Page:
The grey shot out under the archway in a hurry; was dextrously directed through lines of his picketed friends: safely steered between two broken-down dog carts, over an affrighted hen or so and a few hundred yards of drain-channelled uneven soil; brought round with a jerk; sent flying full tilt back again at the dark archway — turned again and, simply to show his handiness, wheeled in and out at a gallop between the trees that stud the outskirts of the further Serai. ‘Ah! such a horse!’ ejaculated Afzul as he handed the grey over to the charge of a small boy whom it attempted to dance upon. ‘That is a grand horse. You did not want to buy. But I wanted to show you. One does not see horses like that every day. And now we will talk — How many horses have I! About one fifty, all for cavalry remounts just now. Country-breds, except the Gulf Arab and another. They average over 14.2. Perhaps two thousand horses of all kinds come into the Serai in one year and are sold. All are sold or nearly all; and one with the other they bring about Rs. 200 each. Yes! Even with the polo ponies for which the young sahibs pay so much. There are many bad ones of course — very many cheap and bad ones.’
‘And have you regular customers?’ ‘The Calcutta Tramway Company buys perhaps three hundred horses in the year — Badakshani horses — from out of the Serai. The Bombay Tramways Company also took a good many not long ago — pucca horses not ponies you understand. They know about horses the Bombay Company.’ (Here followed a digression on the many merits of the Company and the exceeding wisdom and acuteness of its agents; coupled with the information that it was not possible to train inferior horses to Bombay.)
‘And where do these two thousand beasts come from?’ ‘My horses?’ ‘No, you egoist, all the horses that are not bred south of Peshawar.’ ‘Oh those! Those come from Turkistan.’ ‘Can’t you tell where? Turkistan is a big word.’ ‘Eastern Turkistan over there.’ (Afzul knows more of horseflesh than he does of geography. He was certain they came from all over Turkistan — Balkh — and elsewhere. They were collected by agents in those mysterious regions and brought down south by ‘these men’, — the population in the Serai who for the greater part are Suleman Khels and from the neighbourhood of Ghuzni.)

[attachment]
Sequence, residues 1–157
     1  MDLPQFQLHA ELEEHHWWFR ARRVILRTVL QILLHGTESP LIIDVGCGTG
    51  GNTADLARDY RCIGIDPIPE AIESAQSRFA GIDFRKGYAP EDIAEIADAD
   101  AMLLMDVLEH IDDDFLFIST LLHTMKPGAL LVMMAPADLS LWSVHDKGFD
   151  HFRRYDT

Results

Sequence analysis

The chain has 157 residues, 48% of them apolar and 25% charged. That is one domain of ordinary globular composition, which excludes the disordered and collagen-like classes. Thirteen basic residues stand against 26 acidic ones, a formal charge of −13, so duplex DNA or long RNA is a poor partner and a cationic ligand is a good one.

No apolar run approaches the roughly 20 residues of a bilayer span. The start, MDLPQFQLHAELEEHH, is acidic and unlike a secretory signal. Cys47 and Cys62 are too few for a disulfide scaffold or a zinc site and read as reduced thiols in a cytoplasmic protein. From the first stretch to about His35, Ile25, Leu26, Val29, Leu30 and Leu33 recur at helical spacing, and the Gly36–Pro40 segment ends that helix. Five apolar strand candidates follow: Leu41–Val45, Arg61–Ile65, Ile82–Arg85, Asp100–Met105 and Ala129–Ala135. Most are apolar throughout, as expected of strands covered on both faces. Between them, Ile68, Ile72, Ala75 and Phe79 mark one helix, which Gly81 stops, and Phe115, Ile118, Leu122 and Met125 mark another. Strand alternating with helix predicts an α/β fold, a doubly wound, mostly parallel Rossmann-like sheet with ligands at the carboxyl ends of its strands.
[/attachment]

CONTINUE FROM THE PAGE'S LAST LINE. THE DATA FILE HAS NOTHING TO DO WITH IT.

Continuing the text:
‘I don’t go with the horses myself. I am always in India,’ continued Afzul. ‘The horses are collected in Turkestan and then the loot begins. Alum Sher, Cabuli, will be able to tell you. He goes with the horses.’ He was not much over six foot high — wore a jet black beard, clean postheen (coast or robe), fancifully embroidered Bokhara belt and pouches, looked like a hero of medieval romance, and was a courteous Afghan horse-dealer. (I don’t want to say in so many words that Alum Sher, Cabuli, was six feet six, because I am convinced that no one would believe me. Anyhow he was something near it.) He spoke an unknown tongue which Afzul translated and the gist of his speech was this: — It takes between twelve and fourteen days to bring the horses down from Cabul to Peshawar. Between Cabul and Peshawur His Highness Abdur Rahman, C.G.S.I., levies these trifling tolls per horse: —
Mares pay Rs. 7 less. This according to Alum Sher, Cabuli, is absolute fact. He objects to the payment; holds it excessive, but pays because it is impossible to avoid the octroi (tax) posts. In Turkistan itself is exacted an ad valorem duty (a proportion of the value) on each beast of ____. but this, like Alum Sher’s height, would never be believed. It is enough to say that the duty is not a light one. ‘This is solemn truth and there is yet more loot,’ said Alum Sher, ‘the Amir’s Naib (deputy) in Turkistan takes the pick of the horses first — and at Cabul the Amir.’ ‘But he pays of course.’ ‘Oh, yes, he pays. He sees a fine horse and asks the price. We are poor men and afraid. What have we to do with the Amir? Can we ask the full price — no! If it is a four hundred rupee beast we say two hundred and so on. It is so with the Naib in Turkestan.’
The tale of course is as old as the beginning of empire all the world over, but it did not become more hacknied as told by the hirsute Alum Sher, standing among the picketed horses in the Sultan Serai, in gruff, harsh gutturals. Later on, he told the Enthusiastic Excursionist of horses ‘over there in Turkistan’ that neither love nor money could buy. He had been in those regions and knew. So ended the interview.